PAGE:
Of course, I prefer guns myself- especially scary looking sexy effective things which tend to inculcate respect and seriousness in any would be enemy.

        • You might not even need an actual gun. A “semi-accurate” (heh) nonfiring replica of an AR-15 seems to be sufficient to make this bunch wet themselves and run away screaming. Maybe not all of them, but definitely most of them.

          • Our chief cock sucker here in Canada has DECREED that ‘scary’ guns are now illegal. A whole slew of very normal everyday guns like the Ruger mini-30.

            And, lots of replicas, BB and Airsoft guns are now illegal because the ‘look like’ some of the ‘scary’ guns.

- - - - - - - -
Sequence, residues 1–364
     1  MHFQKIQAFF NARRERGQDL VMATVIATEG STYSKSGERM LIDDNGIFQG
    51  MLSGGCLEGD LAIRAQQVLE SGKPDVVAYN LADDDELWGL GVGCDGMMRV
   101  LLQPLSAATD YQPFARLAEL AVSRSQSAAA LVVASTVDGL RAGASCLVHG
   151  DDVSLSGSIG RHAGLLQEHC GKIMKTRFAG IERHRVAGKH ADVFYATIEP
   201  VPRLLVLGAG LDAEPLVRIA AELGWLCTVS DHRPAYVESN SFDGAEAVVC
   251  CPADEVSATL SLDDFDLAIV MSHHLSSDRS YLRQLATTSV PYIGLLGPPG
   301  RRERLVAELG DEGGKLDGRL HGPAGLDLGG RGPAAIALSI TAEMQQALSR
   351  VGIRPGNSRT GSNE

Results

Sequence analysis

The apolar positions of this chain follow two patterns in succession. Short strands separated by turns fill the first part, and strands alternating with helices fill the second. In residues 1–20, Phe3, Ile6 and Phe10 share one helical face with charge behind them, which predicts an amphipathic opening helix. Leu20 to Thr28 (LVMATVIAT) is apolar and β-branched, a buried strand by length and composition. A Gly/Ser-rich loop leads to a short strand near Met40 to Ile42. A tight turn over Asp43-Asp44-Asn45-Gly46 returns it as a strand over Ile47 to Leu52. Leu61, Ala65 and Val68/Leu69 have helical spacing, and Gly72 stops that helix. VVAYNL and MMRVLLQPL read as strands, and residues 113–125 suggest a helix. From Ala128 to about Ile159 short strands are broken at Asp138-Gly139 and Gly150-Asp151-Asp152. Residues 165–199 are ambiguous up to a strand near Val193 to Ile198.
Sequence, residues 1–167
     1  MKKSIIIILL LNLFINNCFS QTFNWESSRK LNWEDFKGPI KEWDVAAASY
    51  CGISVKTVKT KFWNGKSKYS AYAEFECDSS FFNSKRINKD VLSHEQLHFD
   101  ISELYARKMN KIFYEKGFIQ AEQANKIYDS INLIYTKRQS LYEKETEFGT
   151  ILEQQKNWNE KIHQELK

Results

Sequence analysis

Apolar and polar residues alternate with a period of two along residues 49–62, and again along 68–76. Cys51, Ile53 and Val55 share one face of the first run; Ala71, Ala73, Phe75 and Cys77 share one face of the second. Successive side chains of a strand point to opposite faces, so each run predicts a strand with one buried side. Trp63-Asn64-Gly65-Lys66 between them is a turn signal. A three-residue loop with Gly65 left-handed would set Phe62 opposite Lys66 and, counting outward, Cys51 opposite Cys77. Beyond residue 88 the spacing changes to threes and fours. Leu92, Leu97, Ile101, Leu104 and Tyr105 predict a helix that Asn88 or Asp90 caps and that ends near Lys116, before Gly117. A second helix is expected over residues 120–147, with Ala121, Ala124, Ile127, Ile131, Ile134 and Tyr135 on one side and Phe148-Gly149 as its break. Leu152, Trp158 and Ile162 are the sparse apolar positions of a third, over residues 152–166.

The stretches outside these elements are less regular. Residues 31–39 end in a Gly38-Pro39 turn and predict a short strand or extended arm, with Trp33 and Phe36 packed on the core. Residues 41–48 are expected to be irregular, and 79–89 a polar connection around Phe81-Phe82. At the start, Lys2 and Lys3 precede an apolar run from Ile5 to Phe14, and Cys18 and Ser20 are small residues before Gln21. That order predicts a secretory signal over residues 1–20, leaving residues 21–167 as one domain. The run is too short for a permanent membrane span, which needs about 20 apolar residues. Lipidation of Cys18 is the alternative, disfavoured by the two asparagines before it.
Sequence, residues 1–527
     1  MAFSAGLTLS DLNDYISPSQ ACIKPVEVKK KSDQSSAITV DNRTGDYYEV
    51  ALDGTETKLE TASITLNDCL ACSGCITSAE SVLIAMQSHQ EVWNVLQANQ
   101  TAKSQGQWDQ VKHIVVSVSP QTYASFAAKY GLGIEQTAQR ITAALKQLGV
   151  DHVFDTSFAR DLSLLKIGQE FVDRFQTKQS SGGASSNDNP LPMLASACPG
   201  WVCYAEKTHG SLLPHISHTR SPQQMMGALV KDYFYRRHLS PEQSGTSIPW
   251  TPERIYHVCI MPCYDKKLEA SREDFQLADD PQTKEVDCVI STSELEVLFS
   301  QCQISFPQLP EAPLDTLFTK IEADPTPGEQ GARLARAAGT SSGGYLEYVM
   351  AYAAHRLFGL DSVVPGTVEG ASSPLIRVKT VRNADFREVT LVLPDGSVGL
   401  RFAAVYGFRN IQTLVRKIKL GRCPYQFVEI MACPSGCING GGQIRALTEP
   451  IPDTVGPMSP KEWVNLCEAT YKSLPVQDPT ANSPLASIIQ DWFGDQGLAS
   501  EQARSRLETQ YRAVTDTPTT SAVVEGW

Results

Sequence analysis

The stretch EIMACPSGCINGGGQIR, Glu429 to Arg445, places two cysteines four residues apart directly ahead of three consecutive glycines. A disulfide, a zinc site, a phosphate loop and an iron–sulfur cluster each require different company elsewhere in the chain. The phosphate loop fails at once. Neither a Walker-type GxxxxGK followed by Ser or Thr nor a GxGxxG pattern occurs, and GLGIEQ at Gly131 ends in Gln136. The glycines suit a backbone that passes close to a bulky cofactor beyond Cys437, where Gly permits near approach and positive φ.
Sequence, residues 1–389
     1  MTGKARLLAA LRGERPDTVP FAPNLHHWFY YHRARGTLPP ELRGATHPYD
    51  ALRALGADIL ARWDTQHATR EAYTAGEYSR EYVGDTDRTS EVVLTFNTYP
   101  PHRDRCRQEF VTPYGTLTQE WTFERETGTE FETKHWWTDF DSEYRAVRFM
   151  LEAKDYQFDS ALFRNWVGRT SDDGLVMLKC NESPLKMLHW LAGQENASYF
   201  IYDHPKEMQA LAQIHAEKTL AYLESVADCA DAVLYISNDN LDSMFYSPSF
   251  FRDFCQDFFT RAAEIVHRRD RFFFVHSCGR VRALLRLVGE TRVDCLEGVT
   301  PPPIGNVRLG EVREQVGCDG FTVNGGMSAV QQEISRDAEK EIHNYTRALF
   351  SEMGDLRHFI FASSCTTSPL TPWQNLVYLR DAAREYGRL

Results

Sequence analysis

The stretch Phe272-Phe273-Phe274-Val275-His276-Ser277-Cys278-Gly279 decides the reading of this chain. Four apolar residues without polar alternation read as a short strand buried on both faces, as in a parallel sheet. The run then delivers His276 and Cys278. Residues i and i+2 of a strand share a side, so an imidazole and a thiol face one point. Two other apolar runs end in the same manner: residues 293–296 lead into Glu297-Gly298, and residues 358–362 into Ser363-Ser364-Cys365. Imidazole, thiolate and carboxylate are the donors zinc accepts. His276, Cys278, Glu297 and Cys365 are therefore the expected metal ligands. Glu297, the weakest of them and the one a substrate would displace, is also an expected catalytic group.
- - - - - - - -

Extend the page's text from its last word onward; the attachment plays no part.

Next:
No vote. No legislature. Just decree from the head asshole.

            The phrase “use ’em or lose ’em” comes to mind.

            • This is a major story. As soon as convid hit, Trudope pushed this. Very suspicious response to a so-called pandemic. I just looked into it more closely and it’s very bad news. The clock is ticking. Canada is following the lead of the UK and Aus. but with some very modern and despicable changes. They won’t be going door to door but it is de facto confiscation of a wide assortment of firearms. Onerous licensing and fees. Anyone can accuse anyone of anything and boom, your done. Your “thoughts” are ground for the “yellow flag” laws via the nebulous term “radicalization.” All the while enshrining the right of the gov’t and “the crown” to legally defend itself. Definitely beta testing for similar infringements on the right to bear arms being planned in the US.